Few people who follow the London restaurant scene can now be unaware that Quique Dacosta has opened a ‘paella restaurant’ in London called Arros (rice, geddit?)
Yes paella, once the only Spanish food a Brit would eat on holiday and normally done terribly at some kind of themed evening. It became almost a clichÃƒÂ© of the Costas,’paella and chips twice please, Pedro’.
Valencian chef Dacosta has three Michelin stars though, so you know this is going to be a different kettle of fish.
Speaking about the opening Quique has said, Ã¢â‚¬Å“I am excited to bring part of our tradition and gastronomy to one of the most important capitals of the world. Paella is one of the best-known dishes around yet also one of the most mistreated Ã¢â‚¬â€œ with this project, I am materialising a passion I have been nurturing for decades: to reinstate the rice culture from the eastern coast of Spain to its rightful homeÃ¢â‚¬Â.
Quique’s London restaurant focuses on rice in general. One of the most recognized experts in the field, his book and treaty about rice, Arroces ContemporÃƒÂ¡neos, was published in 2005.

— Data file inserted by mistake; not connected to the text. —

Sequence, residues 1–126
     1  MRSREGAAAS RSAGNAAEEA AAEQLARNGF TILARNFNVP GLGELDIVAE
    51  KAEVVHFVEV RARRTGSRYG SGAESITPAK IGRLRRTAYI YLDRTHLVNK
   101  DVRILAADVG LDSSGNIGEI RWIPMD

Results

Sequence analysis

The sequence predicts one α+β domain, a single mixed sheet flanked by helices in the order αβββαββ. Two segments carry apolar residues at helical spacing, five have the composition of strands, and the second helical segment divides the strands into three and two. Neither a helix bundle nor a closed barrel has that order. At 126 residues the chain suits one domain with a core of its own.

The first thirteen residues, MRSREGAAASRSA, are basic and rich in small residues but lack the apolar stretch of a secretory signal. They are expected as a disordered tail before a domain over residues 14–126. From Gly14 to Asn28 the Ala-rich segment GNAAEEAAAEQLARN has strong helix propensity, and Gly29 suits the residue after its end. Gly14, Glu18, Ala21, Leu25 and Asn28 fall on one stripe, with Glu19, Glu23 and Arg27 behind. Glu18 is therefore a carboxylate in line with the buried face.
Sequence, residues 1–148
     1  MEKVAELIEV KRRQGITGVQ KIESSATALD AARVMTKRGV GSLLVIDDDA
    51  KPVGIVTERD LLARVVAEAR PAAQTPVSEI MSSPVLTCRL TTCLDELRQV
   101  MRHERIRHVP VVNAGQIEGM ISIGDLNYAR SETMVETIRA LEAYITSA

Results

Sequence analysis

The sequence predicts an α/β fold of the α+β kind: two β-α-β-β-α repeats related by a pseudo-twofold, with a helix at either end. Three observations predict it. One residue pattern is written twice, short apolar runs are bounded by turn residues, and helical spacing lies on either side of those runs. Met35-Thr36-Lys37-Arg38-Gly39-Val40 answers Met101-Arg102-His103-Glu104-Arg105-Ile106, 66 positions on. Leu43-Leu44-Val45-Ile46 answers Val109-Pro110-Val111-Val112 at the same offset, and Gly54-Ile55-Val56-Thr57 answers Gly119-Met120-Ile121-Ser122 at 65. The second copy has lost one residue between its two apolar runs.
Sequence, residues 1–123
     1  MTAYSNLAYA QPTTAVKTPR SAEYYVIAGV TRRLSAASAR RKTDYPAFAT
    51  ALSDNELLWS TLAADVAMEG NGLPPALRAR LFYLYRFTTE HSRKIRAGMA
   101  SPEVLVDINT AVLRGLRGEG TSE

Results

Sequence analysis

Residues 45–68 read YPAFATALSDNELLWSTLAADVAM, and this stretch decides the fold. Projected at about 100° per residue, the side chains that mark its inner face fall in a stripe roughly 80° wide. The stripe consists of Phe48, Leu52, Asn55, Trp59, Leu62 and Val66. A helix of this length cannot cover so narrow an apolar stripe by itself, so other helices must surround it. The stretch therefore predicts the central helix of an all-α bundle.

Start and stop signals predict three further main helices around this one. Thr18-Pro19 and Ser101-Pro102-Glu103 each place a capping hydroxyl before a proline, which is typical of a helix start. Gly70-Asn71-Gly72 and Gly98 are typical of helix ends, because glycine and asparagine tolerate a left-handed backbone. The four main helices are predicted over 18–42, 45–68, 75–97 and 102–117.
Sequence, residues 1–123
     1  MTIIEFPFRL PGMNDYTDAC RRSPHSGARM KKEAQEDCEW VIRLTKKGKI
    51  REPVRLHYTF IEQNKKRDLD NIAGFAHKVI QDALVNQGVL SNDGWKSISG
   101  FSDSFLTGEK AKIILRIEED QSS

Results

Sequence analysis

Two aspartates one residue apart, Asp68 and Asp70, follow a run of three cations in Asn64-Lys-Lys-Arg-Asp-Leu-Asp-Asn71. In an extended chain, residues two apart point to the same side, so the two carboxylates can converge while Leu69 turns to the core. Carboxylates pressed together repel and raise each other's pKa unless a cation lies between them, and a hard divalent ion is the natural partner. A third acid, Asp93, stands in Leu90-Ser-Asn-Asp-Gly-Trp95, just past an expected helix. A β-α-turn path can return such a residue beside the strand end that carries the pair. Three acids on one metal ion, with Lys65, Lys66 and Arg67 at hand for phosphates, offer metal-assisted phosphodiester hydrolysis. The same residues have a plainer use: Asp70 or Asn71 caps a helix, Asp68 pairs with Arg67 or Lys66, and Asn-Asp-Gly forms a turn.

An entire section of Arros QD‘s menu is devoted to rice with dishes such as Paella Valenciana, a traditional take on the dish that includes Rabbit chop, chicken and butter beans, all cooked over a wood fire and using a variety of timbers to complement each dish.
More contemporary rice dishes, highlighting premium and seasonal UK ingredients, include Ã¢â‚¬Å“chapasÃ¢â‚¬Â such as Wood pigeon breast, wild mushrooms, rosemary, porcini aioli.
All the rice dishes are designed to share.
The rest of the menu features innovative starters and a selection of meat, vegetable and fish mains that range from larger pieces cooked over fire or charcoal, to dishes using more vanguard techniques and elaborations.
To drink, Arros QD’s wine list pays tribute to the wines that grow around the Mediterranean Sea, focussing on organic farms, along with premium wines from the most traditional regions of the world.
The restaurant is set across two floors totalling 9000sqf and holding 140 covers, with four distinct areas including a lounge with bar seating, a more immersive chef’s paella counter and a chef’s table.
Is it any good? We’ll be going in once the dust has settled to find out.
Meanwhile here’s a photo taken when we went to the rice fields of Spain and had a paella cooked in a rice grower’s traditional home. If Arros QD can match this, then we’ll be impressed.
64 Eastcastle Street